Investment funds managed by Vivo Ventures, LLC own a substantial percentage of our common stock, which may prevent other investors from influencing significant corporate decisions.

Investment funds managed by Vivo Ventures, LLC (“Vivo Ventures”) beneficially own approximately 8,961,452 shares, or 31.9% of our outstanding Common Stock as of December 31, 2012. As a result, Vivo Ventures will, for the foreseeable future, have significant influence over all matters requiring stockholder approval, including election of directors, adoption or amendments to equity-based incentive plans, amendments to our certificate of incorporation and certain mergers, acquisitions and other change-of-control transactions. In addition, one investment professional of Vivo Ventures currently serves on our board of directors. Vivo Ventures’ ownership of a large amount of our voting power may have an adverse effect on the price of our Common Stock. The interests of Vivo Ventures may not be consistent with your interests as a stockholder.

Our ability to use net operating and certain built-in losses to reduce future income tax obligations may be subject to limitation under the Internal Revenue Code as a result of past and future transactions.

Sections 382 and 383 of the Internal Revenue Code of 1986 contain rules that limit the ability of a company that undergoes an ownership change, which is generally any change in ownership of more than 50% of its stock over a three-year period, to utilize its net operating loss, tax credit carryforwards, and certain built-in losses recognized in the years after the ownership change. These rules generally operate by focusing on ownership changes involving stockholders who directly or indirectly own 5% or more of the stock of a company, which may be triggered by a new issuance of stock by the company. Generally, if such a 50% ownership change occurs, the yearly limitation on the use of net operating loss and tax credit carryforwards and certain built-in losses against taxable income is equal to the product of the applicable long term tax exempt rate (currently around 4%) and the aggregate value of the company’s stock immediately before the ownership change.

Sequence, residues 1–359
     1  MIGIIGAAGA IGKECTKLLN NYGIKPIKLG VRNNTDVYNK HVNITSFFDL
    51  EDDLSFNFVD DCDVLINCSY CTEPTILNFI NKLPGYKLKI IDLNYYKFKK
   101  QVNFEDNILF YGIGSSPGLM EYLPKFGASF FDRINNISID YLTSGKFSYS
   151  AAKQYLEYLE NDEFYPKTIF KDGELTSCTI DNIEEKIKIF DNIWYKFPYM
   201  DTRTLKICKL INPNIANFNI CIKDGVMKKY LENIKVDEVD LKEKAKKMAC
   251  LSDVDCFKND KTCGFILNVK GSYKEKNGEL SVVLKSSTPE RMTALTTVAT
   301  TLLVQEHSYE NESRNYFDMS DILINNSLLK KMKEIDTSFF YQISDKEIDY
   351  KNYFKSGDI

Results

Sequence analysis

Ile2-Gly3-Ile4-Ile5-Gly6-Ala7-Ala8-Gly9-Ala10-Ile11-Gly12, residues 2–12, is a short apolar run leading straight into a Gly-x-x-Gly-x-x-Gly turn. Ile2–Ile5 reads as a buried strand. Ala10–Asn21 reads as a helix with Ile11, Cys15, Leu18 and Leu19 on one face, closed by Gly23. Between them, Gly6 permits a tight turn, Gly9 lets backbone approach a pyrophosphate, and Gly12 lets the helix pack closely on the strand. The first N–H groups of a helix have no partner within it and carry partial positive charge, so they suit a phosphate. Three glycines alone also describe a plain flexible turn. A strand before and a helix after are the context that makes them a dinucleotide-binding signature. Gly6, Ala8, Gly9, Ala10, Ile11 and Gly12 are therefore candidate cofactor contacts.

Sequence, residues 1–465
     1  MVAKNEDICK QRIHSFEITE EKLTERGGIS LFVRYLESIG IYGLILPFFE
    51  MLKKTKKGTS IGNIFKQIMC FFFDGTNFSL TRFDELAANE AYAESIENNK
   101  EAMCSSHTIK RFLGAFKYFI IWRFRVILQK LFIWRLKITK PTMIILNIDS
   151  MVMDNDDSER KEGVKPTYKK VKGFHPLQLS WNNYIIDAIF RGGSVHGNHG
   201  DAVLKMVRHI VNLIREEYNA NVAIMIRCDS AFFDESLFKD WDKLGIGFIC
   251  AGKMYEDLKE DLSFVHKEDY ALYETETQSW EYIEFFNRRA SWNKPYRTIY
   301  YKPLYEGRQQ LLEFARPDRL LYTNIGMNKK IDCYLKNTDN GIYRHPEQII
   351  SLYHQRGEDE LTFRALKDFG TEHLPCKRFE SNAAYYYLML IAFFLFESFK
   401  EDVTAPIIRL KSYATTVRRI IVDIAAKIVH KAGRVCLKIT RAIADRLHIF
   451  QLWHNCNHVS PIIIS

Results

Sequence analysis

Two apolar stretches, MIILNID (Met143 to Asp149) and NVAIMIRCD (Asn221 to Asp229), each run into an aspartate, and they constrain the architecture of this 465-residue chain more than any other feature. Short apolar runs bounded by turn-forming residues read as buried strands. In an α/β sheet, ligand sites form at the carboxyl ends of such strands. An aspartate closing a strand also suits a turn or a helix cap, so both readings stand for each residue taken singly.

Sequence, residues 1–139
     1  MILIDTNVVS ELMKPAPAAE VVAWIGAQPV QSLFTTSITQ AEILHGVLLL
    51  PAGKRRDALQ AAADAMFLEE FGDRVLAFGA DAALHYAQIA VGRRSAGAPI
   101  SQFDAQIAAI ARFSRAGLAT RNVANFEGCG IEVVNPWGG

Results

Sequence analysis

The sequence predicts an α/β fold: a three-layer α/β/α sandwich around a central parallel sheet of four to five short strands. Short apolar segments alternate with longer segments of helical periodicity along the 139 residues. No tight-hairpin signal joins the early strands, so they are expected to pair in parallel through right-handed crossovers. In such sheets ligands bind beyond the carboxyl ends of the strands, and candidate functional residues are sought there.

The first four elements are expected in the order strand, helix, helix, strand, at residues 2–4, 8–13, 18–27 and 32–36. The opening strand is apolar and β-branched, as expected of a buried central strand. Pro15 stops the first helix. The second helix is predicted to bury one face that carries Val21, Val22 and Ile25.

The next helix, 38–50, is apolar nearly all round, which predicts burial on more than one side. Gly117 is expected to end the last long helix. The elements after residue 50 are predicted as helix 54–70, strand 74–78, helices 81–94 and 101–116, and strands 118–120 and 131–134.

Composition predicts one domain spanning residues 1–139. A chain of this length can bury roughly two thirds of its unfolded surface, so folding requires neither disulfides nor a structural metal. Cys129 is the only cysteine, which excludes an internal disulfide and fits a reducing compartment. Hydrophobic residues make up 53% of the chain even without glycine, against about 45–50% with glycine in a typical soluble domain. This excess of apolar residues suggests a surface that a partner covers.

In conjunction with our initial public offering, we underwent an ownership change as defined by Section 382 of the Internal Revenue Code. As none of our operating loss carryforwards expire before 2027, we believe that we will have a reasonable opportunity to use all of such loss carryforwards prior to their expiry, but such loss carryforwards will only be usable to the extent we generate sufficient taxable income. It is possible that future transactions (including issuances of new shares of our common stock and sales of shares of our common stock) will cause us to undergo one or more ownership changes. In that event, we generally would not be able to use our pre-change loss or certain built-in losses prior to such ownership change to offset future taxable income in excess